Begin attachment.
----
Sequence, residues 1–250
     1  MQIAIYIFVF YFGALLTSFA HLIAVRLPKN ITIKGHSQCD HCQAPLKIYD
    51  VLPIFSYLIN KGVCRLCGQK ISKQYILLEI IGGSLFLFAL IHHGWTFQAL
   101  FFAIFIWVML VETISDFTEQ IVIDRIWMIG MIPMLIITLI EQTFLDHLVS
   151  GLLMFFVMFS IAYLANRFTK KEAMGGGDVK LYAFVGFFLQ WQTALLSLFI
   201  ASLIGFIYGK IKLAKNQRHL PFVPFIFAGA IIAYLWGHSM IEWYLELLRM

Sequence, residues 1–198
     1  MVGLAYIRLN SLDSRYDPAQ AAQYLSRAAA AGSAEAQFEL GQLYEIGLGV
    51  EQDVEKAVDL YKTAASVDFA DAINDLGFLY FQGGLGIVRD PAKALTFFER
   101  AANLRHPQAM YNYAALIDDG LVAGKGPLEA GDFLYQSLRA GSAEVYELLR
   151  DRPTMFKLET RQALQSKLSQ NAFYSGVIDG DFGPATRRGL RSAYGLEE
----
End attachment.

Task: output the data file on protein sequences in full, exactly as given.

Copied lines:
Sequence, residues 1–250
     1  MQIAIYIFVF YFGALLTSFA HLIAVRLPKN ITIKGHSQCD HCQAPLKIYD
    51  VLPIFSYLIN KGVCRLCGQK ISKQYILLEI IGGSLFLFAL IHHGWTFQAL
   101  FFAIFIWVML VETISDFTEQ IVIDRIWMIG MIPMLIITLI EQTFLDHLVS
   151  GLLMFFVMFS IAYLANRFTK KEAMGGGDVK LYAFVGFFLQ WQTALLSLFI
   201  ASLIGFIYGK IKLAKNQRHL PFVPFIFAGA IIAYLWGHSM IEWYLELLRM

Sequence, residues 1–198
     1  MVGLAYIRLN SLDSRYDPAQ AAQYLSRAAA AGSAEAQFEL GQLYEIGLGV
    51  EQDVEKAVDL YKTAASVDFA DAINDLGFLY FQGGLGIVRD PAKALTFFER
   101  AANLRHPQAM YNYAALIDDG LVAGKGPLEA GDFLYQSLRA GSAEVYELLR
   151  DRPTMFKLET RQALQSKLSQ NAFYSGVIDG DFGPATRRGL RSAYGLEE